5 Tips for a Tantalizing Tapas Experience

Yolanda (left) and Maria made our first authentic tapas expedition an experience to remember.

Yolanda (left) and Maria made our first authentic tapas expedition an experience to remember.

“Life is short. Eat dessert first.”

I’ve heard that observation credited to everyone from Mark Twain to Katherine Hepburn. A little research reveals that it more likely originated with a little-known writer named Ernestine Ulmer, who actually put it slightly differently: “Life is uncertain. Eat dessert first.”

Regardless of its origin, my fiancée, Michelle, and I embraced the concept recently when we decided to take our honeymoon before our wedding ceremony. I had a whole bunch of miles on American Airlines about to expire, so we decided to use them rather than lose them, and took a two-week vacation — my first-ever no-work period of that extended length — to Europe.

I’ll be sharing some of our wine adventures here in the weeks to come, beginning with our first evening across the pond.

Today’s topic: tapas.

And what better place to experience those Spanish delicacies than in Barcelona, the first stop on our vacation?

We arrived in Spain around 8 a.m. and, of course, were beat from the long, little-sleep flight. We had booked a hotel right along the city’s main pedestrian thoroughfare, Las Ramblas, and an airport express bus took us to within a block of it in just 20 minutes.

We dropped off our bags and took a stroll on Las Ramblas, window shopping and occasionally stopping for coffee or gelato. At 2 p.m., we returned to the hotel, checked in and crashed. Our plan: Catch a nap, then get up, have dinner, and return to the hotel for a good night’s sleep.

We had been told that the best way to see Barcelona was to “start walking and get lost” — easy to do on the narrow, cobblestone, pedestrian-only streets that zigzag through the city.

We strolled past clothing stores, gift shops, bars and bakeries — lots of bakeries. Then we saw it: a tapas restaurant called Txapela. The bar seating looked inviting, and a large sign by the entrance, describing the various dishes in English, made us feel comfortable enough to go in.

We grabbed bar seats right next to the kitchen and, for the next two hours, got our vacation off to a fabulous start.

Our server’s name was Maria, and we soon learned that she wasn’t from Spain, but rather from Peru. The manager on duty, Yolanda, also had moved to Spain from Peru.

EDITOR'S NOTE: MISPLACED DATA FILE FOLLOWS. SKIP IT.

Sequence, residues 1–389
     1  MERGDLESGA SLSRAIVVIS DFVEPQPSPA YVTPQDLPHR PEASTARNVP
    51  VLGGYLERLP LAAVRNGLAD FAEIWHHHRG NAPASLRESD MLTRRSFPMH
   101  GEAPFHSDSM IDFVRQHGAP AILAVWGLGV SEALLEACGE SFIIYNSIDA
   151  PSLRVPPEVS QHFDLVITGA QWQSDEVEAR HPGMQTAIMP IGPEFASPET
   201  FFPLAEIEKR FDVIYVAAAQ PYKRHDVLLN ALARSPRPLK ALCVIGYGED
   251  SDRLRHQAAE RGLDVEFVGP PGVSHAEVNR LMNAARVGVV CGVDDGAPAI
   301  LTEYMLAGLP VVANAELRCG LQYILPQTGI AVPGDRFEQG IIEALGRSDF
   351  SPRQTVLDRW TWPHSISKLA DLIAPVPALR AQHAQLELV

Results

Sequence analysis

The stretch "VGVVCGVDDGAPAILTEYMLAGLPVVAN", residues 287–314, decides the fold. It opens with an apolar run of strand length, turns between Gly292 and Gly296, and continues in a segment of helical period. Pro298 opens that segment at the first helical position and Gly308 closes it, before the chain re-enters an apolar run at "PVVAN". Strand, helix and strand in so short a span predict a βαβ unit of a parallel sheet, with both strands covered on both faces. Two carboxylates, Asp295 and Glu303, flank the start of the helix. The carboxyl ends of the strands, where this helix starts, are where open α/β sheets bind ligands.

They provided us with paper placemats that mirrored that large exterior sign, with one exception: The verbiage was entirely in Spanish. I quickly discovered how little of the Spanish I’d learned in high school had been retained, and when it came time to place another order, I’d go outside to look at that sign and verify what we’d be getting.

On my third trip outside, Yolanda figured out what I’d been doing. She came up to us and said, “Don’t worry — I’ll explain.”

We told her that we were checking the sign not so much to see what we were ordering, but rather to avoid getting something we didn’t want. Neither Michelle nor I like real spicy food (we prefer to taste the food rather than the spice), and Michelle does not like sardines.

“No spice and no sardines,” Yolanda said. “Okay.”

From that point on, we trusted our palates to Yolanda and Maria, and we were not disappointed. Dish after dish was perfectly prepared and amazingly flavorful. We washed it all down with a bottle of rosé-style Spanish wine — specifically, the Rosado Lagrima from Castillo Monjardin. It was fruitful, refreshing and the perfect complement to the smorgasbord of flavors that were coming out of the kitchen on those small plates.

In a word, our evening at Txapela was amazing. It was unlike anything we’d ever experienced in the United States which, when you think about it, is the point of taking a vacation in a distant land, right?